The Magnificent Rhino..In Danger and Decline
What Fun! A Rhino Day! This sounds like a party, fun and celebration. Is that what this is all about? No, this special day of attention to the rhino is a step in helping more people to be aware of the fragile survival rate the rhino has unknowingly been placed in. Man has put the rhino in this situation and man is the only one that can see its remedy. WWF, the global conservation organization, has launched a campaign to raise support and funding for those rangers who put their lives on the line to protect Africa’s rhinos, choosing the 22nd of September to do so.
The rhinoceros is a grand animal that has been living on this earth for more than 50 million years. Yet vile and despicable poachers are illegally collecting and selling rhino horns. They slaughter or maim them and leave them to suffer a slow painful death after they rip the horn off the rhino's head. How dare we as humans put this amazing animal in the grips of destruction by our selfish practices. Now wait a minute you say? You don't have anything to do with these poachers and their disgusting practices. That may be true, but you certainly have the ability to support the folks that are trying to stop this from continuing. The most valuable tool anyone has when supporting a cause is knowledge. There's no way to be dedicated to survival of a species if you have no idea why you should.
As with the decline of nearly all endangered or threatened populations of animals, man is the cause of their demise. In the wild, the adult rhino has no true natural predators, but despite its size it is extremely easy for man to kill. A creature of habit, the rhino lives in a well defined home territory and visits the waterholes daily, enabling poachers to wait and ambush the unsuspecting rhino. There are approximately 19,000 white rhino and 1,470 black rhino scattered throughout the national parks and reserves in South Africa. Rhino Day has been created to bring focus to the continuing poaching of these animals and its dramatic increase since 2008. In a recent reply to a parliamentary question, Environment Minister Buyelwa Sonjica responded that 139 rhino, including 134 white and 5 black, had been poached on private land between January 1 and July 16 of this year. Yes, even Kruger National Park and other provincial reserves have had poachers killing rhino at an alarming rate. More rhino have been killed during this 7 month period than the total from 2000 to 2007. If this trend continues, the poaching will vastly outnumber the births and the rhino population will decline very quickly. Is it too late? No, not if action is taken quickly. But how can we fight the poachers that have access to helicopters, high caliber assault weapons and drugs to immobilize the rhinos? A quote from the WWF website says:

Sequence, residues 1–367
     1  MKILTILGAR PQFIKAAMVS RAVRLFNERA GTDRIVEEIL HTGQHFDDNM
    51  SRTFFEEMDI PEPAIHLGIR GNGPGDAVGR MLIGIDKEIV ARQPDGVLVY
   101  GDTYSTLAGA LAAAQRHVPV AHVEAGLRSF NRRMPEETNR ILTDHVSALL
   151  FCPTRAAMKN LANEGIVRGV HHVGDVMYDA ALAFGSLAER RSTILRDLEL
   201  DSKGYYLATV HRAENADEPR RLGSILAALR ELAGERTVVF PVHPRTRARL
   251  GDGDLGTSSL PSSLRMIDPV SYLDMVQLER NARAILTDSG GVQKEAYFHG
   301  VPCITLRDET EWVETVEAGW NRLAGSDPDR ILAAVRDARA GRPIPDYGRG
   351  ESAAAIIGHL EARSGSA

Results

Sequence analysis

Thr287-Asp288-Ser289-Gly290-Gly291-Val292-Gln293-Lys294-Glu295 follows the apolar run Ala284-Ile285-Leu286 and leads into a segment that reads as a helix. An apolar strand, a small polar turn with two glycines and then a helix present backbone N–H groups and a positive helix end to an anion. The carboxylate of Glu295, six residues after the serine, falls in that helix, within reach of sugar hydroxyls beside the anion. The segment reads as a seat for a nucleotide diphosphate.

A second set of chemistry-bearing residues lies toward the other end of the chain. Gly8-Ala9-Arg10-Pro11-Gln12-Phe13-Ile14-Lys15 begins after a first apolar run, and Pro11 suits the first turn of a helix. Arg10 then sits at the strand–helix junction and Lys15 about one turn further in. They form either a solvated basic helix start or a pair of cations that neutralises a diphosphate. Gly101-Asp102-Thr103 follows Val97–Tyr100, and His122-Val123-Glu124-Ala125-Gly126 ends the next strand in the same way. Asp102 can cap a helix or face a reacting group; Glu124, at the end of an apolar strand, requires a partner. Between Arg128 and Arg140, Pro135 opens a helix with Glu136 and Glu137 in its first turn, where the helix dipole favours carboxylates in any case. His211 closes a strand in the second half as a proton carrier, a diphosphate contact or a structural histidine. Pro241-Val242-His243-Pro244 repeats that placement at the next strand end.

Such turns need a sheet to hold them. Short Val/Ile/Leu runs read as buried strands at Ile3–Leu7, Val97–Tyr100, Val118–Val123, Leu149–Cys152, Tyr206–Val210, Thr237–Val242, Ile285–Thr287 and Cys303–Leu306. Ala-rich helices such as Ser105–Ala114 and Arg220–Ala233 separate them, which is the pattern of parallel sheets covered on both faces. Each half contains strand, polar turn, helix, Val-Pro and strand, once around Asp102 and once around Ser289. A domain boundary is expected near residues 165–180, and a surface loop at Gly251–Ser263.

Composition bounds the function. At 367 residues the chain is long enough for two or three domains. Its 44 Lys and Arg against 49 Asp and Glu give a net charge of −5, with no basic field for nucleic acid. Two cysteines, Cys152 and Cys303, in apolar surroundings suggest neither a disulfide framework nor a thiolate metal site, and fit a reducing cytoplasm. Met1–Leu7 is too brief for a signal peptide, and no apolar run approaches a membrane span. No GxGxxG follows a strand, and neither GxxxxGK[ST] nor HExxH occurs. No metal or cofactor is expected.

“We’re asking people to take action during the month of September to help us protect our remaining rhino populations and also support our rhino warriors – the men and women at the front line who risk their lives daily against the sophisticated, ruthless and heavily-armed international criminal gangs who run the illegal rhino horn trade,” said Dr Joseph Okori, Head of WWF’s African Rhino Programme.
Compounding the problem is the lack of vigorous law enforcement and court actions in the African nations where the rhino is native. While we as cam viewers see only the black and white rhinos, there are other rhinos that are in grave danger as well. The Javan rhino has less than 70 individuals surviving, the majority living in the jungles of Indonesia with a few in Vietnam. The plight of the rhino is indeed a worldwide catastrophe.
Men have lost their lives along with the rhinos as they try to protect them from harm, and will continue to do so until it is stopped by dedicated and relentless supporters of rhino conservation. There are many stories of bravery and tragedy that are part of the creation of this day of rhino attention. While we have barely touched on the plight of the rhino, there is much more to learn about Rhino Day by going to this link:
And a quick note for those that are confused with the identification of the rhino's we see in South Africa - the white and black, neither of which are white or black. The white rhino's name comes from the Dutch word “weit”, meaning wide, referring to its wide, square muzzle. He's actually gray... no white on this rhino. The black, or hook-lipped rhino, along with all rhino's is an odd-toed ungulate, meaning he has three toes on each foot. He has a thick, hairless gray hide, with both the white and black having two horns. While we won't put on our party hats or slice a cake on Rhino Day, we sure can take some time to learn more and support the front line of defense against the constant poaching and illegal selling that is going on all over the world. Next time you are lucky enough to see a crash of rhinos at the waterhole, take a moment to reflect that you might never see that particular group again if the poachers manage to get them, a sad reality that Rhino Day is striving to change.